Too many options. This is why people prefer the EF to begin with.
Good luck with that, they are among the harder chants to master, especially since a great many of them change key at the psalm verse, which is even more ornate than the initial antiphon. I’m not sure you’ll have much success in finding someone to sing them in St-Frigid-in-deepest-Québec. Our schola typically doesn’t use them as, well, they’re rather hard for some of our members; I do sing the first part at the abbey with the community (the schola always sings the verse alone) and I have most of the Mode V ones down pat, but the modes I, II, III and VII ones… . We do one gradual only, the Christus factus est which we sing on Holy Saturday at Lauds (where it takes the place of the responsory). We’ve spent YEARS trying to master it, and we’ve got it down pretty well now,
Instead I would opt for a responsorial psalm from the Graduale Simplex for most parishes. The antiphon can be “vernacularized” but kept on the Gregorian tones. In fact for most parishes the Graduale Simplex would be a better choice than the Graduale Romanum which I would leave for monasteries and perhaps cathedrals with chapters of canons.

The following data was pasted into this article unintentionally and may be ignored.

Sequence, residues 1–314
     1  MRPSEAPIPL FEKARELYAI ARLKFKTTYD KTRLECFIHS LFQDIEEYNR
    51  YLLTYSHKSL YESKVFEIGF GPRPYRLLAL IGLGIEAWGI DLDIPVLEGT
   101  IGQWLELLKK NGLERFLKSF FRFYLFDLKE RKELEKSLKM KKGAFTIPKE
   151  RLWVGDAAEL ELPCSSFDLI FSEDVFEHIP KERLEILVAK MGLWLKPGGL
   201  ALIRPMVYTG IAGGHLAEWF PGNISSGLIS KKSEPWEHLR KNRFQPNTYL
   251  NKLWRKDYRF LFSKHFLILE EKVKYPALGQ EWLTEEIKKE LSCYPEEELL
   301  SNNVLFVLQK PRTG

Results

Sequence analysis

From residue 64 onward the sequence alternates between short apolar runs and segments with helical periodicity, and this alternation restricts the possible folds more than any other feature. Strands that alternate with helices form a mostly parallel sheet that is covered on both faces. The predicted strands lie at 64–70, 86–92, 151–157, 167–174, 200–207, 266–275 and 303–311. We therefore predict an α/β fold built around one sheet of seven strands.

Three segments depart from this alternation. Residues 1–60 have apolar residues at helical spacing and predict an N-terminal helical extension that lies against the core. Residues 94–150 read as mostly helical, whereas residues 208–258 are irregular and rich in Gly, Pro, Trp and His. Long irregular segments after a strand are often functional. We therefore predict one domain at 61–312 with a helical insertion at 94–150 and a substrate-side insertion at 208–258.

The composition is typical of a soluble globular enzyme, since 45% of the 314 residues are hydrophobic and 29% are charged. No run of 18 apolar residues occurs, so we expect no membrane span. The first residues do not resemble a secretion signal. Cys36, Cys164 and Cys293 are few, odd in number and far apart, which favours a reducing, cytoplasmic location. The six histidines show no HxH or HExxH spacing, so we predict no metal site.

Something along the lines of the Simple English Propers can be also used, or an equivalent in other languages that lend themselves to Gregorian tones.
One could also simplify the Gradual but then you end up with just a run-of-the-mill antiphon and psalm verse, at that point you may as well just have a responsorial psalm.
I’m not a fan of the Roman Canon. Won’t get into the reasons here, but I’ll let you have it half the time if you let me have EP IV half the time EP IV is my favourite, beautiful language, nice history of the economy of salvation. Yes, I do hear it regularly, the abbey rotates through all the 4 main EPs.
Make it the Ordinary Form.
From the spirit of novelty and innovation, deliver us, O Lord.
Bring it to a parish within 25-30 miles.